A New York Times report details how the FDA recently sent a letter to a division of Pfizer regarding the company’s failure to properly investigate the safety of its EpiPens, which it manufactures for Mylan, based on adverse event reports filed by consumers. The pens are used by patients to deliver epinephrine during potentially life-threatening allergic reactions.
Complaints centered on a malfunctioning mechanism within the EpiPens. The mechanism is supposed to ensure the correct amount of epinephrine is administered into a user’s system during a serious allergic reaction to anything from bee stings to peanut exposure. When it fails, patients can be left in intense pain and grave danger, and can even die. In fact, the FDA has confirmed multiple deaths as a result of defective EpiPens, though it has not stated the exact number.
Pfizer has shipped more than 30 million EpiPens since 2015. They recalled 13 lots of the devices earlier this year, but only after multiple conversations with the FDA over the hundreds of complaints that the corporation has failed to acknowledge. Pfizer spokeswoman Kim Dencker emphasized complaints can be common when a “product is frequently administered by non-medical trained individuals,” even though EpiPens are specifically designed to be used as temporary emergency relief until a patient can reach trained medical professionals.
This is not the first controversy that the EpiPen makers have found themselves embroiled in over the handling of their product. Mylan drew intense public scrutiny when it raised the price for a pair of the devices to $600 in 2016, or more than 500 times its 2007 price. Failing to see any issue with its actions until the public outcry, it took the rather unprecedented step of creating a generic version of its own product that cost $300 per pair.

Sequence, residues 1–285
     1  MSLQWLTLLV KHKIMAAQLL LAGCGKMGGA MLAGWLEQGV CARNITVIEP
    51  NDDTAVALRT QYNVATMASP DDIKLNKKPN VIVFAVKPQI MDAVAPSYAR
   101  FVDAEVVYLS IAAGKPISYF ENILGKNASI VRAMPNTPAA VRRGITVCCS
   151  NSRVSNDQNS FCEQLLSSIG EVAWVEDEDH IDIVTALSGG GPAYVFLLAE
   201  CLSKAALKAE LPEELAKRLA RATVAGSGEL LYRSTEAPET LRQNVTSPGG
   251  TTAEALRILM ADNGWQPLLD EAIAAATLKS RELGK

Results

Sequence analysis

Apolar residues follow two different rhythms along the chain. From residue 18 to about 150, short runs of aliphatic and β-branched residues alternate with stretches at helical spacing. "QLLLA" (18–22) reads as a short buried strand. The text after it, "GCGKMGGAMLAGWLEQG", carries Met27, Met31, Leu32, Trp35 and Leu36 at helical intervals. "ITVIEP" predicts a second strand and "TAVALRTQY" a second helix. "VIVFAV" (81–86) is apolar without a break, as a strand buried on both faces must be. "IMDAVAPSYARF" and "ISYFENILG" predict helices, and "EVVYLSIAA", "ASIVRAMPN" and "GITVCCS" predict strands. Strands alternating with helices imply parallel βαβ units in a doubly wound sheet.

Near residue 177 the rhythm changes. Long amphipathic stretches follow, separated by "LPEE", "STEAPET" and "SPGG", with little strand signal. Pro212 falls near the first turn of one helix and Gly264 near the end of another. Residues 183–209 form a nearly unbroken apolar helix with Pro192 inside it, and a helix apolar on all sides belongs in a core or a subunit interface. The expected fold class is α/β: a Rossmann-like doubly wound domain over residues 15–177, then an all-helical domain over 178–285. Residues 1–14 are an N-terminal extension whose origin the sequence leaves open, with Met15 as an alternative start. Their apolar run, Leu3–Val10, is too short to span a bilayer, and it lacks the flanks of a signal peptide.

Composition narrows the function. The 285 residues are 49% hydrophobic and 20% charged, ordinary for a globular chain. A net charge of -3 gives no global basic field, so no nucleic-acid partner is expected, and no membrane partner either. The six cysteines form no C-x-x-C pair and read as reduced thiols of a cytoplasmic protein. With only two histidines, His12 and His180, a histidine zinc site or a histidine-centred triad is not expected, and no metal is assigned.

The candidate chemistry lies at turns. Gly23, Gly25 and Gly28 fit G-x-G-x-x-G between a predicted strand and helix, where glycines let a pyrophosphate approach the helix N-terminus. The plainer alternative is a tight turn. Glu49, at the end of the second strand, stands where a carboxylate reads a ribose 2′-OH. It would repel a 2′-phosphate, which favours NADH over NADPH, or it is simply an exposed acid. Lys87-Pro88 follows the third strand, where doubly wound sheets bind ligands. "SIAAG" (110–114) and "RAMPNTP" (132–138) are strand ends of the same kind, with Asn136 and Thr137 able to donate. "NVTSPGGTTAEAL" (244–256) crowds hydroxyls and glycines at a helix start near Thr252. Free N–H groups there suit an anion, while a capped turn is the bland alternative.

Mylan also recently reached a settlement with the Department of Justice and other agencies for allegedly committing fraud against the United States government by overcharging citizens who bought their EpiPens through Medicare. The settlement totaled nearly half a billion dollars and seemingly confirmed congressional suspicions that the corporation was deliberately plundering government coffers to pad its own bottom line.
As it turns out, Mylan’s CEO, Heather Bresch, is not very far removed from the halls of Congress. Her father is the senior United States Senator from West Virginia, Joe Manchin. Mylan’s price hikes netted Bresch a 671 percent pay increase from 2007 to 2015 with her compensation package jumping from $2.5 million to $18.9 million after the final jump. Senator Manchin’s signature was notably absent from a letter sent to his daughter’s company late last year by 20 Democratic senators demanding to know why it was raising the price of Epipens at such an alarming rate. One can only assume that the senator’s constituents might have benefited from knowing the answer to such a serious question.
Nina Devlin, a spokeswoman for Mylan, insists the company “has an unwavering commitment to quality and patient safety and we are confident in the safety and efficacy of EpiPen products.” That commitment is fairly difficult to buy into when one considers the corporation’s tepid response to hundreds of consumer complaints about defective devices that could cost patients their lives. If that’s not enough to raise doubts, there’s always the company’s documented history of not only significantly raising prices simply because it can, but also committing outright fraud against the government and people of the country it does its business in.